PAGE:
The Current State of Film Score: An Interview With Clint Mansell (Part 1)

Most blog projects start with a specific path in mind, along with an end goal.

When I changed the focus of my blog, the mission was this: interview one of my favorite film composers. Among these are Eric Serra, Clint Mansell, and Maurice Jarre (RIP).

Film music was always a sort of gateway to daydreaming and more when I was a kid. The intro to Rescuers Down Under was such a thrill, I thought, that my dad recorded it onto tape cassette when we couldn’t find the soundtrack. It still makes me smile. The percussion!

Whereas Hans Zimmer’s score to The Lion King correlated directly to the first loss I experienced: my grandpa, Frank. The music is still very difficult for me to listen to.

As for the blog, I passed my other milestones and then, near enough to Halloween, reached out to a composer, Katherine Quittner, who had worked on some films that were monumental to my childhood. I felt a few steps closer to my blog goal, but had no inkling that this would be a bridge. Temp score was something I had never explored before. It was something I had never heard much about in college, or after. I found the discussion with Katherine to be very interesting, especially based on studies I had done years before on switching out scores from films to see how it impacted the audience’s interpreted narration of the scenes they were watching. I’ve always felt that the music in a film is crucial to the story, mood, characters, and more.

I’d interacted with Golden Globe and Grammy nominated composer, Clint Mansell, a few times via Twitter and, being that he is one of my favorite composers, always enjoy his perspective. He responded to the temp score piece I did, and I wanted to clear up any opinions. I also wanted to put some more questions out there, and learn about his process.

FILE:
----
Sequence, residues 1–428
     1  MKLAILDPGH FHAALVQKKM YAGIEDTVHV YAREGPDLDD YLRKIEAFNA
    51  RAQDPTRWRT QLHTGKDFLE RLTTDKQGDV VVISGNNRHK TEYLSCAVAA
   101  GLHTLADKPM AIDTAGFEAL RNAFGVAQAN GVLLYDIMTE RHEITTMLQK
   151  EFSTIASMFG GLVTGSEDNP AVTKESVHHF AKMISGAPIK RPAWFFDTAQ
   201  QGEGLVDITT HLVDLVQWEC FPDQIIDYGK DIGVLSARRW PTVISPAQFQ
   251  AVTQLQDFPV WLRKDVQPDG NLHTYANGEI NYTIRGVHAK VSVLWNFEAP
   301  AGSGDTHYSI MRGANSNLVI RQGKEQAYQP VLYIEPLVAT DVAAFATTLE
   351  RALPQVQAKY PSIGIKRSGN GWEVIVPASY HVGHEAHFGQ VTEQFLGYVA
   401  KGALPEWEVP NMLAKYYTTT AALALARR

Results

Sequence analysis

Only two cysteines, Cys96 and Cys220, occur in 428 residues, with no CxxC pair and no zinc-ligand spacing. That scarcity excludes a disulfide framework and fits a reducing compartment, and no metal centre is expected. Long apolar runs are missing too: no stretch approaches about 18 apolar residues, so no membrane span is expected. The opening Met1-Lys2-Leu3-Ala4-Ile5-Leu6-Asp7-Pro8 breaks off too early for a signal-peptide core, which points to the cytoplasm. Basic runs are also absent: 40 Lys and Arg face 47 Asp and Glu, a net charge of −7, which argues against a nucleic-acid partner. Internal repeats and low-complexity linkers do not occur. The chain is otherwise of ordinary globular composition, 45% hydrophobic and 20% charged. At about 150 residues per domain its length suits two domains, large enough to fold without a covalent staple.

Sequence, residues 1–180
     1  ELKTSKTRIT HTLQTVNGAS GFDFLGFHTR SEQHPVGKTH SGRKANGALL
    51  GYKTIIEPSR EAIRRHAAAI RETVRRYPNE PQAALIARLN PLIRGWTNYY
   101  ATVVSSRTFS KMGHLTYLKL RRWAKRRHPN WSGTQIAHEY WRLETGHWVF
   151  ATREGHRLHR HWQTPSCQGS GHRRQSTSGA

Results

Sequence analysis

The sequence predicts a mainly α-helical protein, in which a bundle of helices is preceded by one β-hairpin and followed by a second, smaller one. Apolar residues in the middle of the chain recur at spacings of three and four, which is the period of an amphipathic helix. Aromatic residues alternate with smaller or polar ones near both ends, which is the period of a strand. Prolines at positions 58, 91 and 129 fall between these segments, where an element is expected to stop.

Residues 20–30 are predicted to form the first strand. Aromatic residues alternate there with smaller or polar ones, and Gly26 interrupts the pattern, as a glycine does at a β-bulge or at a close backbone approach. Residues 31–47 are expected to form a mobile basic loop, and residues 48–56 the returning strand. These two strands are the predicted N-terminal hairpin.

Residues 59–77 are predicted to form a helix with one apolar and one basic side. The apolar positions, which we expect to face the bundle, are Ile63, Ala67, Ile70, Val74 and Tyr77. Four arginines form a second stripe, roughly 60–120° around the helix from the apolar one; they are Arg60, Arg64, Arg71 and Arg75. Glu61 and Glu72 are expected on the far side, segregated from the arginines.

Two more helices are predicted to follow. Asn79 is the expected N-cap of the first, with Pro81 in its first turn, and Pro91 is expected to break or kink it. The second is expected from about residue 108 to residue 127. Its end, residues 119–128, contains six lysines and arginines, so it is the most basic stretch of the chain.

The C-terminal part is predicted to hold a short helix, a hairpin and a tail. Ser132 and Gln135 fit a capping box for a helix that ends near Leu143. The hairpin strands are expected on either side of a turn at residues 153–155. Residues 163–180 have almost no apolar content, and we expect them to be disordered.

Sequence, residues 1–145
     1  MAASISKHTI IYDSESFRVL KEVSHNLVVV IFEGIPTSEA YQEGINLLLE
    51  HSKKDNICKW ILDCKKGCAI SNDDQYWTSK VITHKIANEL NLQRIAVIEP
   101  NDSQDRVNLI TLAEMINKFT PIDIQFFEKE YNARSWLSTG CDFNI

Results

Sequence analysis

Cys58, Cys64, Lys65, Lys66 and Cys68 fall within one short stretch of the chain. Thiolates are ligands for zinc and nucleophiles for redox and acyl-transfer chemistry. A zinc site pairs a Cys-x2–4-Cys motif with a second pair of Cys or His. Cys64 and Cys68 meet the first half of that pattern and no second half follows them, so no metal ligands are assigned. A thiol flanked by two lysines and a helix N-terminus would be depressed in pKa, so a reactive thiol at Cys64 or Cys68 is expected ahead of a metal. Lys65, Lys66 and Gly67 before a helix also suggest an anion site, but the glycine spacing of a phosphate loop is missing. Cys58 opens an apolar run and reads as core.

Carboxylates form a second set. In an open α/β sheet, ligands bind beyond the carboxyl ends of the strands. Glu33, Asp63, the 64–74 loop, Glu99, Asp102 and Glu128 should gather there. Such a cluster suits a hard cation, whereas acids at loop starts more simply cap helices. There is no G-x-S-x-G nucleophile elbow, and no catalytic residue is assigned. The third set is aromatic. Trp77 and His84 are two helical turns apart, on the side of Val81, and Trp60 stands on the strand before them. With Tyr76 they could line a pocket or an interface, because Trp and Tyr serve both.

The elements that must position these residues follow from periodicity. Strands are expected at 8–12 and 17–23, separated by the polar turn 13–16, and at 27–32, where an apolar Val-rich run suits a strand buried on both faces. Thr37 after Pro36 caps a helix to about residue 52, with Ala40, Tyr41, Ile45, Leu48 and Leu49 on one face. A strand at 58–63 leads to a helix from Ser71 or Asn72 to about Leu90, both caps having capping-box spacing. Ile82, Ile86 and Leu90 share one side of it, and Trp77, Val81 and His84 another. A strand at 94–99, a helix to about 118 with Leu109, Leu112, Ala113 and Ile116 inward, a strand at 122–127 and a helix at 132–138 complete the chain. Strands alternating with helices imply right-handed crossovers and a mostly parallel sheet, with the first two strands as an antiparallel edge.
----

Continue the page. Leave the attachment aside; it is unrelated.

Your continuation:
Mansell was kind enough to schedule a phone call with me, and here we approach part one of this hurdle in the LaParadiddle music career blog.

Part one? Yes. Because I want to be thorough. And with topics like working with Darren Aronofsky, classical training, the current state of the film industry, sound design, Requiem for a Dream, and more…I thought breaking this into two parts would be best. Enjoy! Questions and comments are welcome…after all, I sure had a lot.

You mentioned that you hate ‘filmmaking by committee’. That being said, what is the standard process when you are to score a film? For example, when you did The Wrestler or Black Swan? What is the start to finish process?

Well, before I answer that, let me just say that you know I don’t have any problem with music editors or whatever, that really wasn’t my gripe from the piece (my previous composer interview). It’s really just a case of now, the way movies are made, and a lot of things are…essentially lazy. But, you know, they are quick shortcuts to getting a result. But when you cut corners like that you get a sort of cheap fix of movie-going.